Have you ever played a game with animals and wondered, how it is possible, that all creatures have the same game to pass their time? Don’t they all have different sklils, that they could then demonstrate, when its their turn? We should then organize such an animal olympics at the zoo!
Well, you see, and Hagen Baumann had the exactly same idea, created a set of games and compiled them under name Mein erster Lernspielzoo (My Very First Educational Play Zoo). The game was published under the HABA company logo and for the Czech reader (and player) the most interesting name is the illustrator Aleš Vrtal.
If you look at the big yellow box, you would almost even believe that the entire zoo is hidden inside. And it is almost like that. It contains a whole four large boards, but also a set of wooden animal figures. But there are also plenty of tokens, that show other animals in different colors, shapes and sizes to be used for different entertainment options.
A total of ten different games are hidden inside the box! These progress in difficulty step by step from the recommended age of three up to four years. So it is clear, that the huge box is intended for the very smallest children to play with.
And it all starts with Touching Animals game, which tests touch and shape recognition without visual help. Children will try to draw the right animal friend from the bag according to the assignment determined by the cube and figurine. Depending on the number of pips, the nurse character Tim moves around pictures of animals randomly distributed in a circle and provides assignment for every round.
In the second game, children will have fun alongside five giraffes with different numbers of spots – from none to five. A total of six long-legged creatures are spread in the center. Players will receive them from the center by dice roll. Depending on the number of polka dots, he must choose the right giraffe and put it in front of him. Small players will learn to count with the help of this game, from the zero up. So it is just a good recognition and assignment of the first six numbers.
Another basic ability, that children need to train, are colors. And they are in the lead role of the third game Zoo Competition. In this game, players will need chameleon pieces (red, yellow, green and blue), but for the first time, they will also use a board – the one with eight slices. There will be players’ pieces running round and to start, every player can choose one animal to represent him. The player simply takes a bag containing four chameleons. He draws one and must correctly name his color.
To be successful, however, a small player must also be able to calculate the number of indicators of the same color found on the current position of his piece on the big plan. This is also the number of steps a player can move forward. Counting, color recognition, but also happiness comes into play. This decides, how far the player goes as a reward for the right color name. The game is slightly random, but the main addition is again its educational element.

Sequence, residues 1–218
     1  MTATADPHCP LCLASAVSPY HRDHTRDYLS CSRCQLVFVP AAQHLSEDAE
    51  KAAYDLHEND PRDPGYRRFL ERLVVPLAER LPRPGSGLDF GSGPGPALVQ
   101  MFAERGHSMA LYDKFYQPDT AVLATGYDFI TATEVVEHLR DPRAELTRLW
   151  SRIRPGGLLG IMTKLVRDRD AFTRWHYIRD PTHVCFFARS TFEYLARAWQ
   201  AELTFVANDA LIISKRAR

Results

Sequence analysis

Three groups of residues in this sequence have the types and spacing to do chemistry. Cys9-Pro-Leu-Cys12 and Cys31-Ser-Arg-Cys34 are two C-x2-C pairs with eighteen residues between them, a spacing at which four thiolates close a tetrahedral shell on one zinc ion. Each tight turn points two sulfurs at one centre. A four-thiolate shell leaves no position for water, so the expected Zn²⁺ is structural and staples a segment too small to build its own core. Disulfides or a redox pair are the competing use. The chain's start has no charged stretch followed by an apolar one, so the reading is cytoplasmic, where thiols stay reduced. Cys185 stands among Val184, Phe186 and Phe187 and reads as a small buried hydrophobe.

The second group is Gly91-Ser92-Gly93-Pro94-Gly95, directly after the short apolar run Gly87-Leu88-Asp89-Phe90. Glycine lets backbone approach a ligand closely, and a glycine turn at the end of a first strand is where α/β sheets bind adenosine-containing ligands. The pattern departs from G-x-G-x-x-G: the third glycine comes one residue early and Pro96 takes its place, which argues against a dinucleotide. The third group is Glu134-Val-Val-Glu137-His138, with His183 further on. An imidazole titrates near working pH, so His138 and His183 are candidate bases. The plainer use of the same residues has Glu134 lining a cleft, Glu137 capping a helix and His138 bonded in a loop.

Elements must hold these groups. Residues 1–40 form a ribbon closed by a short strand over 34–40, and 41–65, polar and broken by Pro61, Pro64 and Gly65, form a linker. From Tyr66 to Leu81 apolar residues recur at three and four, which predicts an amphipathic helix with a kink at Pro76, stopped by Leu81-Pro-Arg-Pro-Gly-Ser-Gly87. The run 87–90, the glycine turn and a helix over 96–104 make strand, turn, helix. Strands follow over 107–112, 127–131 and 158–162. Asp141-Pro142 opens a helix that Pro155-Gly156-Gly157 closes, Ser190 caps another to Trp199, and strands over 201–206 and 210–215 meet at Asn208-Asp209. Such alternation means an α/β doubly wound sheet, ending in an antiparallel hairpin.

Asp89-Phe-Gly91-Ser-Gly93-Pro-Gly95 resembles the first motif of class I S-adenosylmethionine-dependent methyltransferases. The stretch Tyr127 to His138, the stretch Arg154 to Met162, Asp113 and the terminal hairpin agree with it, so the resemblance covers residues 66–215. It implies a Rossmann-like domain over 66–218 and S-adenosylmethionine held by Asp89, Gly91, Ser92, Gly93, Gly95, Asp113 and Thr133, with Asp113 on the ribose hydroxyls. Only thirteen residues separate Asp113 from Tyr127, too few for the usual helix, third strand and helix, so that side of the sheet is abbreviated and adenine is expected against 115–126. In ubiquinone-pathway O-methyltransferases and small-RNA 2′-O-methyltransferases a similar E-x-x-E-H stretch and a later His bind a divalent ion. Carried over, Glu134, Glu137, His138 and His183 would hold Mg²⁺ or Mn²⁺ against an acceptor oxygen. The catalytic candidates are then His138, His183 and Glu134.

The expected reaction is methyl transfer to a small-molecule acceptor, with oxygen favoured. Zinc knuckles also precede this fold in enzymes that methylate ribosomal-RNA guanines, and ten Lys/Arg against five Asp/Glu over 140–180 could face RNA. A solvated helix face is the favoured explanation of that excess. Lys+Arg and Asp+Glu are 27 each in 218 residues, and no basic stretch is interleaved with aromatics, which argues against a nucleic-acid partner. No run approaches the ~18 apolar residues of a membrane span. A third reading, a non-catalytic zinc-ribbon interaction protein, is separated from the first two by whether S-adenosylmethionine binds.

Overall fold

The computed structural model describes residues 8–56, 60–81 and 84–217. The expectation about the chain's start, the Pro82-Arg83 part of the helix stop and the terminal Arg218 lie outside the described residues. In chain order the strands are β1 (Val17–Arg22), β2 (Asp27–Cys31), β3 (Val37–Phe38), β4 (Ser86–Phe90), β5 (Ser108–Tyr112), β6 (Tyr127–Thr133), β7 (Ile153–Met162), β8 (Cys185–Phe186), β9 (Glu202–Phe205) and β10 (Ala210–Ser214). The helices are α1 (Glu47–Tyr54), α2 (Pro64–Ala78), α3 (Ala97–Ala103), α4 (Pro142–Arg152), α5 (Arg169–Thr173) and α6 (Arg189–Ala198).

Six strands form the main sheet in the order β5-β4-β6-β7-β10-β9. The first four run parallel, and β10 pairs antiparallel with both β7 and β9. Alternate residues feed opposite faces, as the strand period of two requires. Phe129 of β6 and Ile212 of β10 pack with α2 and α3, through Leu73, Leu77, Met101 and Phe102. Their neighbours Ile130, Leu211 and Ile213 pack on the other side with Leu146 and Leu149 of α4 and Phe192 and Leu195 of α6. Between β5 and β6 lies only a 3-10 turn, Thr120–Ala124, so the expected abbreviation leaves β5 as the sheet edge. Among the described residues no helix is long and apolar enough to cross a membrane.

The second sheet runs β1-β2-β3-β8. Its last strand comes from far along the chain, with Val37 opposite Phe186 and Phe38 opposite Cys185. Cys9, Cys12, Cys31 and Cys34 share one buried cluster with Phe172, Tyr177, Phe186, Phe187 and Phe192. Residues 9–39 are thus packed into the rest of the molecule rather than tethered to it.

In the fourth game, shapes return to the game, but this time they are geometric. They represent monkey toys, which the children draw from a sack and try to identify by touch the shape, that is currently wanted by the monkey. The particular monkey is again selected by nurse Tim, who runs around. So in this game, it’s not just about being able to create a shape in your mind by touching your fingertips, but also about being able to name it.
Then another element comes into play – memory, where a complete set of twenty-two giraffes appears for the first time. Players here will draw one of the eleven pieces, count its pips and try to find the corresponding giraffe from the second row with the same number.
Other games continue to complicate and add combinations of everything we’ve learned so far. Interesting is the game number nine, where players divide apples into rows by number. They learn to compare numbers and order them correctly, which is also a place where it is necessary to emphasize the suitability for children from the age of four. It is clear, that such ordering simply requires a little more ability.
It’s always better with animals. They do company to children in each of the ten games and each time ina little different way. This makes it less evident for the children, that they are in fact learning through play. And here the processing is really precise, from illustrations to wooden figures.
Each game is really different, which means that in the box you get a huge portion of fun for small playful animal lovers. Above all, however, the individual episodes are designed to test different abilities of children and allow them to train it. And to make matters worse, some games also offer difficulty levels. Overall, the variability of the box is enormous given the target audience.
Mein erster Lernspielzoo is a magical set of games. If you want to teach children all the basic skills, then it’s the perfect companion. It targets the very smallest audience, but also parents, because they will enjoy the overall workmanship and opportunities. Mein erster Lernspielzoo, however, can appeal to children mainly due to clever rivalry and woodwork.